The Window

“Did you take your medication, Hon?
The neighbours complained again.
The walls are thin and
they can hear you laughing and
talking to the window.
And now you won’t talk to me
or look at me you just continue to stare
at the goddamned television.
I’ve tried yelling and even shaking you and
I’ve never touched a woman like that in my life.
I’m not comfortable with it but at the same time
I am tired, I am frustrated and
I am angry
-but above all I am scared, okay?
I’m really fucking scared because I don’t know what’s happening to you
or what happened to us.
Why won’t you speak to me?
I don’t remember doing anything to you.
I’m sorry that I have to work most of the time at the factory
and that I lost my job in the city and that
we had to move to this shithole town and into
this shithole ground floor one-bedroom apartment
with just a torn couch and a cheap TV set.
Remember our wedding day?
You were so nervous standing with me at the front waiting for the priest
-so beautiful, vibrant and free.
If only we could go back
to that day –that moment,
and just start over somehow,
somewhere else.
Now you never leave the couch anymore.
You won’t you eat.
You won’t change your clothes.
I don’t even know if you go to the fucking bathroom.
And when I hear you talking in the middle of the night
it scares the Hell out of me.
Who are you talking to?
There is nothing in the window.
Nothing around it.
I’ve checked.
It’s just your voice.
Nobody else’s.

That’s right, there is nobody
fucking there at all
…or is there?
Who comes to you?
Why do you only talk to them?
What the Hell is going on? I’m falling apart and you have to talk to me…”
Depleted, Gary left the room and his unresponsive wife, went back into the bedroom where he had once lain with her and pulled a bottle of whiskey out from the bedside drawer. It was the only way to sleep these days. He had nobody to go to –no family, no money for a doctor, no friends in this town. He had run out of options, so until Gary could think of something –Good Ol’ Jack was there to help numb the pain until fucking beddy-bye.
But sure enough in the middle of the night he was awakened by her voice talking loudly and laughing like everything was some sort of insane inside joke. Gary threw off the covers and stormed into the living room only to find his wife lying on the couch with her eyes wide open staring vacantly at a television that was turned off. Gary screamed and started punching the walls until faceless neighbours shouted for him to stop with threats of calling the police.
Gary returned to the bedroom, looked at the clock and began to get dressed for work. It was going to be another shit day. Best start early.
That evening Gary returned to an empty apartment. There was no dormant wife lying on the couch anymore. He stood there staring at the empty space where she had once been as the last of the overcast sky fell into the room like a dead weight.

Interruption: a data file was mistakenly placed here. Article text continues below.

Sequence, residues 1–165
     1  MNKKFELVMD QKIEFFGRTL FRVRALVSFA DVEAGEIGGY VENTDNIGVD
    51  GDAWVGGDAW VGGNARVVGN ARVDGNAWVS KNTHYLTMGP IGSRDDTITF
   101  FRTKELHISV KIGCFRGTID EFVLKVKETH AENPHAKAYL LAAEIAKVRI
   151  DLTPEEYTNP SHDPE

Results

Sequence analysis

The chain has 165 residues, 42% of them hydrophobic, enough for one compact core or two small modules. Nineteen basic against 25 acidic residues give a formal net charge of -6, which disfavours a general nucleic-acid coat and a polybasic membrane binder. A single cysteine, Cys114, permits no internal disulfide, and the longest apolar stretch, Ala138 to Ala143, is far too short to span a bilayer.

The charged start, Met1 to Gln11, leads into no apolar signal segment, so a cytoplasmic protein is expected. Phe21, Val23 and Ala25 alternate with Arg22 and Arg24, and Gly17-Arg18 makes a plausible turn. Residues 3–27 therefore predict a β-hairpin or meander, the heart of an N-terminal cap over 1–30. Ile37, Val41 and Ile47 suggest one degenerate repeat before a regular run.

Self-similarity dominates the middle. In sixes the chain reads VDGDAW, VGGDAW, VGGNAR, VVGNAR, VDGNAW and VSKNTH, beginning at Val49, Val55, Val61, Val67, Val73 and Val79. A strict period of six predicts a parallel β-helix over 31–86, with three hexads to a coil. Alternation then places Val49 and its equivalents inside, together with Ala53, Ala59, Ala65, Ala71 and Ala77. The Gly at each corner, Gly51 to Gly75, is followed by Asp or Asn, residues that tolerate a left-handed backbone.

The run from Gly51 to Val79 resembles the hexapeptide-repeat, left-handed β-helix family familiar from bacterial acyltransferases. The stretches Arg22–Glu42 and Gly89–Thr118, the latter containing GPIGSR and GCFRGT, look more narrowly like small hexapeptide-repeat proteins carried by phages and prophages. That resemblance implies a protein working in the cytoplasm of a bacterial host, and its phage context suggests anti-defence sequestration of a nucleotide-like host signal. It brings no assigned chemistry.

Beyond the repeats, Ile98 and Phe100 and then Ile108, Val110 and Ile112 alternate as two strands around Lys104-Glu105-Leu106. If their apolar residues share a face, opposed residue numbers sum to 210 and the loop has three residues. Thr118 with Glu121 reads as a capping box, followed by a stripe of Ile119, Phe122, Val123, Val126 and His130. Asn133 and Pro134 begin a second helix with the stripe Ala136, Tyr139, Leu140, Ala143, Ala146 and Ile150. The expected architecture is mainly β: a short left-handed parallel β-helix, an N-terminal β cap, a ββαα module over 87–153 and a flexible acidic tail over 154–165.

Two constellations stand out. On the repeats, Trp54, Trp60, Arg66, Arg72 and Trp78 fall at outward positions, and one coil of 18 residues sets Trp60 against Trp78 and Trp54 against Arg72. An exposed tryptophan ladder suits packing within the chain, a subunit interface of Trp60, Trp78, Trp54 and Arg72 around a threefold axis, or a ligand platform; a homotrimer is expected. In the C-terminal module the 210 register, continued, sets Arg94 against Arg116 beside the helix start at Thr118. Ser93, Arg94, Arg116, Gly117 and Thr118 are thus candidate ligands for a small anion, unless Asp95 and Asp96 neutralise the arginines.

She didn’t take anything, not even any of her clothes. There was no note. There was nothing. Gary went through the motions of filing a police report. He had canvased the neighbourhood and reached out to any old friends or associates that he could locate with nothing to show for it. But all along he had known that there was nothing to find because deep down inside Gary knew that she had never really left the apartment at all.
Even during that time Gary would some nights be woken up by his wife’s voice on the other side of the wall talking to nobody; her laughter laughing at nothing, and he would dash into the living room only to find it empty.
Also during that time he had attempted to logically reconstruct what could have happened to her and arrived only at frustration. So it was time for some crazy thinking because crazy was the only thing left.
Gary was forced to come up with a different approach altogether because no matter how far he could get away from this terrible place, if he couldn’t find out where his wife went he would never truly leave here, and Gary could not bear the thought of living the rest of his life like that. It always ended the same in his experience: booze, drugs and a single bullet.
The next night Gary laid on the couch, turned on the television set and started flipping through channels. Perhaps he wasn’t even aware of what he was doing at first. It wasn’t until he turned the volume down a little lower just like his wife had as not to disturb Gary after he went to bed. That’s when he began to hear it; to feel it. It was so faint at first but soon it became clear to Gary that –whatever the window was– this was its first handshake.
Gary reasoned in the end that if it came for her then it might come for him too. Maybe it couldn’t help itself.
“That’s right. Here I am. So come on. Time for me to join the party.” Gary looked up at the insidious window. He could hear voices now along with awfully strange laughter and began to see colours and slight silhouettes dancing around the window frame. It was all gradually becoming louder and more real.
“Alright,” Gary whispered to the darkening room, “let’s do this, Motherfucker.”

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